Driving in heavy traffic these days doesn’t have to be so stressful. In the past, if you commute each morning (remember those days?) or drive for fun and get caught in a traffic jam, it can be a hectic experience. Cars suddenly stop on a dime for no reason. The traffic flow is more like a series of false starts. If you are not constantly paying attention (and I mean constantly), you can easily bump into another car in front of you.
When I used to commute on a daily basis, I had at least three minor fender-ding mishaps. Nothing to call the insurance company over and not even cosmetically obvious, but still annoying. I used to specifically drive lower cost vehicles for that reason. I used to drive to Minneapolis and people don’t pay attention. These days, it’s quite different.
In the 2020 Nissan Altima, for example, a feature called Pro Pilot Assist can bring the car to a full stop on its own, sensing the car in front of you. It used to work only in higher-end cars from companies like BMW and the luxury brand Infiniti (which is part of Nissan). In fact, the first adaptive cruise control I have ever tested was in an Infiniti car maybe 10 years ago.
Sensors can monitor the speed of traffic at all times. If a car brakes in front of you, then the Altima also brakes. You don’t have to be 100% vigilant, which is not an excuse to use your phone but is just a comment on being human. We can’t stare straight ahead at all times but a computer certainly can (and won’t ever complain).
This helps us drive because weird things happen. In the Altima, I decided to drive to Minneapolis like the old days and noticed how I was less stressed out. I let the car do the hard work. As the traffic surged, and then suddenly moved forward and pretended to be untangled, the Altima could respond perfectly.
Not all adaptive cruise control can bring you to a full stop, especially in lower cost cars. Typically it's meant for 'low speeds', but if you come to a stop it disengages. Since you can go to a full stop and resume, the Altima is even better as a commuter car. I liked how the car didn’t make sudden stops but eases you down to a slower speed or stops, then resumes on its own.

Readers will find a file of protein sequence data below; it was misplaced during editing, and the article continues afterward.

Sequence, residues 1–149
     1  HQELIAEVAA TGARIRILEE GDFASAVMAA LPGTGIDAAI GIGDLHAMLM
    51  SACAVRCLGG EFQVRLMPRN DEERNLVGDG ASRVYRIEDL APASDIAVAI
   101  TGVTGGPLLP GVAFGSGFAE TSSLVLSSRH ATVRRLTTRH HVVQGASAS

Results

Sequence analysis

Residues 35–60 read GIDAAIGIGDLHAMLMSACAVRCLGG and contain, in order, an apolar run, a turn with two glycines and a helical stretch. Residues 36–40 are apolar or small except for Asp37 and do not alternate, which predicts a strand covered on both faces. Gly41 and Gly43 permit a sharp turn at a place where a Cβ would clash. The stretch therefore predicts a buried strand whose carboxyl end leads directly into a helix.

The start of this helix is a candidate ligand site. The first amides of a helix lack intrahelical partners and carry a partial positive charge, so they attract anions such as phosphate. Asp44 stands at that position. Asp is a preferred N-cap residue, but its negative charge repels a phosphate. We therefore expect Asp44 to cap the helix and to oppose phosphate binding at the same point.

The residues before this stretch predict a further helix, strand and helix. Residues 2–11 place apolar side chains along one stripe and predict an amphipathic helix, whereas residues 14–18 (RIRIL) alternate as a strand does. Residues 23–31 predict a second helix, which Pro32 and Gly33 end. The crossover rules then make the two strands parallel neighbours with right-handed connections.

Go with the flow
In the future, cars will do much more – they will not only come to a full stop, but they will connect to other cars and even highway monitors. Let’s say a city wants to encourage more traffic flow. Someday, an operator could communicate with all cars to separate farther apart and create a more even flow.
Today, you can do this yourself by pressing a button on the steering wheel to stay closer to the car in front of you or farther away. It depends on your own trust factor in how close you want to get, although the Altima is happy to adjust speed no matter which setting you use. (I tend to keep it about halfway – not too close, not too far away.)
Apart from the safety factors, there’s a big win for fuel economy as well. If every car was adjusting speed constantly and staying a certain distance away from other cars, we would all drive a bit faster and not slow down as much, which means better fuel savings. (The one thing that can hurt your MPG is constantly having to speed up in traffic.)
I like how it works in the Altima, even if I’m hoping the days of fully automated traffic arrive sooner than another decade or two from now.
On The Road is TechRadar's regular look at the futuristic tech in today's hottest cars. John Brandon, a journalist who's been writing about cars for 12 years, puts a new car and its cutting-edge tech through the paces every week. One goal: To find out which new technologies will lead us to fully self-driving cars.
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John Brandon has covered gadgets and cars for the past 12 years having published over 12,000 articles and tested nearly 8,000 products. He's nothing if not prolific. Before starting his writing career, he led an Information Design practice at a large consumer electronics retailer in the US. His hobbies include deep sea exploration, complaining about the weather, and engineering a vast multiverse conspiracy.